Blog Post

Square readies for battle with PayPal

Square COO Keith Rabois

Square is still an upstart in the mobile payment world but it’s showing that even with the approach of a new merchant payment system from PayPal (s ebay) this week, it’s got plenty of momentum on its side yet. The San Francisco start-up said today it’s up to $2 billion in annual payments processed and has activated 800,000 merchants for its payment system, up from half a million in May. And it’s made a key change in the way it process payments to appeal to larger merchants.

The news comes as PayPal prepares to show off a new in-store solution for merchants at its X.commerce Innovate developer conference that will place PayPal into direct competition with Square. PayPal has been a powerhouse online, but only recently has it set its sights on being a solution for in-store merchants and retailers, something Square is disrupting with its small mobile credit card swipe dongles and its new cashier and digital wallet software.

Square is trying to make sure that it stays ahead of some big names like PayPal, Google (s goog), Intuit (s intu) and cellular carriers, who are looking at enabling more mobile payments and digital wallet tools. In that vein, Square said today it is lifting a limit on merchants that prevented some businesses from immediately receiving all the money they made beyond $1,000 in a week. Merchants had to provide additional verification and work with Square on case-by-case basis to cut back on the amount of time it took to receive the additional cash in their bank accounts. Now, the rule, which was originally instituted to combat fraud, has been set aside, which should be helpful in attracting larger business customers. It’s another gesture aimed at winning over merchants, like the transaction fee that Square discarded earlier.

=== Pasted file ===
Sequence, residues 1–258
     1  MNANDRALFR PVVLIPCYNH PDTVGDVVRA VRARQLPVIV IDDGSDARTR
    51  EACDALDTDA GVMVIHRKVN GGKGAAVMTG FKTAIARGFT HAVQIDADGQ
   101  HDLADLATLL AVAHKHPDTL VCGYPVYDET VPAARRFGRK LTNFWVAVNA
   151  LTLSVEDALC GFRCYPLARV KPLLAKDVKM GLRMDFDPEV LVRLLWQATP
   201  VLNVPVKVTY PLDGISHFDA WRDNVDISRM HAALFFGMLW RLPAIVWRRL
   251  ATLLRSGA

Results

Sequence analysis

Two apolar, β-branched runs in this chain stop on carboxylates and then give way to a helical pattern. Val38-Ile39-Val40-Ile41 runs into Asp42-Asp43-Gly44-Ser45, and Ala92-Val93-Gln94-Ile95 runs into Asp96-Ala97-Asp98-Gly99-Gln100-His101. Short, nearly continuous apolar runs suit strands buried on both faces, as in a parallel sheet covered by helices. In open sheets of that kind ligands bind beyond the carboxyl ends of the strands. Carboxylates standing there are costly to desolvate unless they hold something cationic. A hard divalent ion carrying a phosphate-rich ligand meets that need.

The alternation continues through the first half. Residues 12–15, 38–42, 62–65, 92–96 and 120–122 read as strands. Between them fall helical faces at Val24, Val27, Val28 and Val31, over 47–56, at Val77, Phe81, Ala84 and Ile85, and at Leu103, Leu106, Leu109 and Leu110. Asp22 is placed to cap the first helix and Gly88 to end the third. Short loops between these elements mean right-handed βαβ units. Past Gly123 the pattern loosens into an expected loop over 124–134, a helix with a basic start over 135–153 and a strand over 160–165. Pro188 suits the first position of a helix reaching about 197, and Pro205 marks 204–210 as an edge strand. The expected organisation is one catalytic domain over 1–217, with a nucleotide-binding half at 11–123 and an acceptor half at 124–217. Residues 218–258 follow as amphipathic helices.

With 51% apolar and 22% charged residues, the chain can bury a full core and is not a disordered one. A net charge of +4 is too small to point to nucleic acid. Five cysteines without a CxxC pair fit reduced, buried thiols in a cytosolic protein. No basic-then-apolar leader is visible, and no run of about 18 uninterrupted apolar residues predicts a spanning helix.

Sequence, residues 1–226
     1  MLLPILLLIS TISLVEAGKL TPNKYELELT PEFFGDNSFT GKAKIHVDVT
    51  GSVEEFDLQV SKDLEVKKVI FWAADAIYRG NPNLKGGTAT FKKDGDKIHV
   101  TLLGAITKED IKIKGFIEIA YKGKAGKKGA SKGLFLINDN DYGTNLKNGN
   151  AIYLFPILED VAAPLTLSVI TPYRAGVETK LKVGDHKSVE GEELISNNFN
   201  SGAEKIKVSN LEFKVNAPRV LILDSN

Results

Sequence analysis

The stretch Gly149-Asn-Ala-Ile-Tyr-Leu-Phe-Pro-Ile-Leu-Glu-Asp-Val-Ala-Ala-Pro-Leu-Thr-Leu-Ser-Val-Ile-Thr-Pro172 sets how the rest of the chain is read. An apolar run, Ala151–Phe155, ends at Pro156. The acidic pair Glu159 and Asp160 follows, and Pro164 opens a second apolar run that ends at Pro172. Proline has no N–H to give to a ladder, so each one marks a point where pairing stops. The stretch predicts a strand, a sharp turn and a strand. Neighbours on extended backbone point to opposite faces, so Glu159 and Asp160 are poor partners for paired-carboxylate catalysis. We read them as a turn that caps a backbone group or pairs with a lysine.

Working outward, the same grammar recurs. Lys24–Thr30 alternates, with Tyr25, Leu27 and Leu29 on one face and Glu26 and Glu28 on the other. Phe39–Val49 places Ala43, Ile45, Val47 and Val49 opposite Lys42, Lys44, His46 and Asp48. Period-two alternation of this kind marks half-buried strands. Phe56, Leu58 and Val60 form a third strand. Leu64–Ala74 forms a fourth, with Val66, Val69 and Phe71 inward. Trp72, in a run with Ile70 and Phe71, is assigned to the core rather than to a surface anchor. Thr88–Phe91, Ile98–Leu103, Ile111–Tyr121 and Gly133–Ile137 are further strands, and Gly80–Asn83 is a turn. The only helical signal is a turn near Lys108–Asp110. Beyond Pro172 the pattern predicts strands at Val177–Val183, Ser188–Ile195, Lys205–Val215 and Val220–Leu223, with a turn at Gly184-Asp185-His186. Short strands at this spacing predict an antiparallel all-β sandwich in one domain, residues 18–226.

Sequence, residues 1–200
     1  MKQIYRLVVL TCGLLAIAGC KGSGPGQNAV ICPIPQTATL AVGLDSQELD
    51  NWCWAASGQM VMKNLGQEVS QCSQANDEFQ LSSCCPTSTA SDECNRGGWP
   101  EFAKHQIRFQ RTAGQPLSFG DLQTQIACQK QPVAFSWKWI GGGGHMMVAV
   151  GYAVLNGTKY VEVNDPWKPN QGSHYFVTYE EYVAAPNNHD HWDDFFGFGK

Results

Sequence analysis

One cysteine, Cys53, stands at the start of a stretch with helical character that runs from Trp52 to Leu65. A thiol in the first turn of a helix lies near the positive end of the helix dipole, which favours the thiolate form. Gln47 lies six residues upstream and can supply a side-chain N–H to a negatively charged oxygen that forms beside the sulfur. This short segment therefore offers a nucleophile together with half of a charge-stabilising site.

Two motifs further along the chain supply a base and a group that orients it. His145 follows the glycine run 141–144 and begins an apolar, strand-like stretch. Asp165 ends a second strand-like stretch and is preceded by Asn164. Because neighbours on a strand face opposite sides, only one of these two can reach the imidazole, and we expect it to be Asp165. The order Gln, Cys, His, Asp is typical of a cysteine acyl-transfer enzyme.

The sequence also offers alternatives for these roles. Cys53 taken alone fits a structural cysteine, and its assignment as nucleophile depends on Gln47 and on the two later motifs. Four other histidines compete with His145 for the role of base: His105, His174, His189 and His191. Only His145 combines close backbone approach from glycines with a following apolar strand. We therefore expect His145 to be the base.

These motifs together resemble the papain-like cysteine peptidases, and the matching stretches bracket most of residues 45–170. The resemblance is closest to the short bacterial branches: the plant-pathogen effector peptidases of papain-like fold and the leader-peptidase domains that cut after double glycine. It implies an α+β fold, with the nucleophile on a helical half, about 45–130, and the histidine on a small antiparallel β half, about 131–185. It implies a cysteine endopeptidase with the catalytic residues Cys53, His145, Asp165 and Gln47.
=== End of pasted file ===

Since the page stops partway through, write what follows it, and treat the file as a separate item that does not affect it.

The new rules are another sign that Square is prepping to compete hard in this space. COO Keith Rabois appeared at the GigaOM Mobilize conference last month and said we should expect some more services to roll out this month and in December. Rabois told TechCrunch that Square’s merchants now represent 10 percent of the merchants using Visa (s v) and Mastercard (s ma). And he told AllThingsD that 70 percent of Square users have never taken credit cards before.

Rabois has been really vocal about dismissing the challenge from PayPal, which he said has let its brand “atrophy.” But with PayPal finally wading into the much bigger market for in-store offline payments, it’s going to be interesting to see if it can take a bite out of Square. It sounds like there should be room as Square looks at smaller merchants while PayPal will likely tap existing customers and bigger retailers. But overtime, as each company’s ambitions grow, there’s going to be move overlap. Square, which raised $100 million earlier this year, continues to appear up to the challenge.

4 Responses to “Square readies for battle with PayPal”

  1. Philip Cohen